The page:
The Kremlin spokesman, Dimitri Peskov, announced this Saturday that this loan is the second tranche of a loan package agreed upon before the controversial landing.
The president of Russia, Vladimir Putin, and the Belarusian dictator, Aleksandr Lukashenko, have agreed that Minsk receives a loan of 500 million dollars (more than 410 million euros) after a meeting between the two leaders this Friday and amid the increase of the pressure on Belarus due to the crisis of the forced landing of a plane in Minsk.
Kremlin spokesman Dimitri Peskov announced on Saturday that the loan was the second installment of a loan package agreed upon before the controversial landing and that Belarus "has not submitted any request for additional aid," according to the agency. TASS.
Likewise, Peskov shared that there were two main topics at the meeting, "the further development of trade and economic cooperation between Russia and Belarus, as well as the fight against the pandemic."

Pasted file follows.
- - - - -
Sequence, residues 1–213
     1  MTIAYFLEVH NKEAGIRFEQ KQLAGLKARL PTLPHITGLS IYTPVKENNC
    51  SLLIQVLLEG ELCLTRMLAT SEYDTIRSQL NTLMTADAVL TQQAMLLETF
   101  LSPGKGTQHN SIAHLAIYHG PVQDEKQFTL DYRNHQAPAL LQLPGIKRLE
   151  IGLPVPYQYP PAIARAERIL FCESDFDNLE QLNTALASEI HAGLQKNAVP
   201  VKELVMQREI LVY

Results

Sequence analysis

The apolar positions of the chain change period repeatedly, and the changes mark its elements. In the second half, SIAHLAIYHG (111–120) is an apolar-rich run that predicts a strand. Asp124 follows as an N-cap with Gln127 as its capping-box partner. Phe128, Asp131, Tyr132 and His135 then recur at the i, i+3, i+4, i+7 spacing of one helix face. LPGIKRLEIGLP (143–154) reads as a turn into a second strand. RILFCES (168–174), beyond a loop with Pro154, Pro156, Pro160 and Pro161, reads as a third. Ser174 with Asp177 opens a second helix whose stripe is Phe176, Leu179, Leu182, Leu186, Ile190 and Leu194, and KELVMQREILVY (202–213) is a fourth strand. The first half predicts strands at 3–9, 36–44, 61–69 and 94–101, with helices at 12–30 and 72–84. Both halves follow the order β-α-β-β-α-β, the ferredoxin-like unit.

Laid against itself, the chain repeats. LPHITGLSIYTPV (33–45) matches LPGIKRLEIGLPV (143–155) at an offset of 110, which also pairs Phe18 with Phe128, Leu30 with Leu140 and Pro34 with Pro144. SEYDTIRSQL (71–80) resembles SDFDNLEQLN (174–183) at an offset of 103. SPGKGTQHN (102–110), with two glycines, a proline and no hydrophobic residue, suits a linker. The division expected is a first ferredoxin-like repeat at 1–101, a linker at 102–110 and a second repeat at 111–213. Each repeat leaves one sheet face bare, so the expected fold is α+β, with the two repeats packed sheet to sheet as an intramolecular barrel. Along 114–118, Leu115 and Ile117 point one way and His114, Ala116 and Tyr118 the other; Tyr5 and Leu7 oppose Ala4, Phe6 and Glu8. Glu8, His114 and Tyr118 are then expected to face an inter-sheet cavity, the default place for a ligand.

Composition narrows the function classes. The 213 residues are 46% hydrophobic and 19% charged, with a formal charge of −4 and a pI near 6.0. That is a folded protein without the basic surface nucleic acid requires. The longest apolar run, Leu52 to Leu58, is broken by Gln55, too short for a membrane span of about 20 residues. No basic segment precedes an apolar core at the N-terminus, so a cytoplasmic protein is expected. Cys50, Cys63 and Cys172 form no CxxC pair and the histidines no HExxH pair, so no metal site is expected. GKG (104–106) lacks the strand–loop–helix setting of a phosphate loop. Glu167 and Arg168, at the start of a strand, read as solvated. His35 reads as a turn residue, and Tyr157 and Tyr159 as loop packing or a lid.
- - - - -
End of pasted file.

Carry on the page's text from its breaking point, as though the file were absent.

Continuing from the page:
At the meeting held this Friday in the city of Sochi, in the Russian Caucasus, the Belarusian dictator expressed his displeasure at the alleged external attempts to bring his country to the crisis levels registered after the August 2020 elections.
THE EU MAINTAINS THE PRESSURE
The President of the European Parliament, David Sassoli, reiterated this Sunday that he wants to continue pressing Belarus to secure the release of journalist Roman Protasevich and his girlfriend Sofia Sapega, detained after the plane landed by the Belarusian authorities.
"We will maintain the attention and the pressure, and we hope that this will lead to the liberation of both," he said in statements to the German media group Funke, as well as described the EU's reaction to this crisis as "strong and unified." DPA.
Sassoli proposed this week that airports in European Union member states be filled with photos of the journalist following the agreement of leaders to advance sanctions against Alexander Lukashenko's regime and limit the use of Belarusian airspace.
For its part, the European Commission has presented this Friday a plan to support the democratic transition in Belarus, a proposal with which it wants to mobilize up to 3,000 million in aid, but that will only be activated if the country advances on the democratic path.
The proposal comes in line with the agreement of the Twenty-seven leader's last fall for a package of support for the Belarusian opposition and its fight for democracy in the country.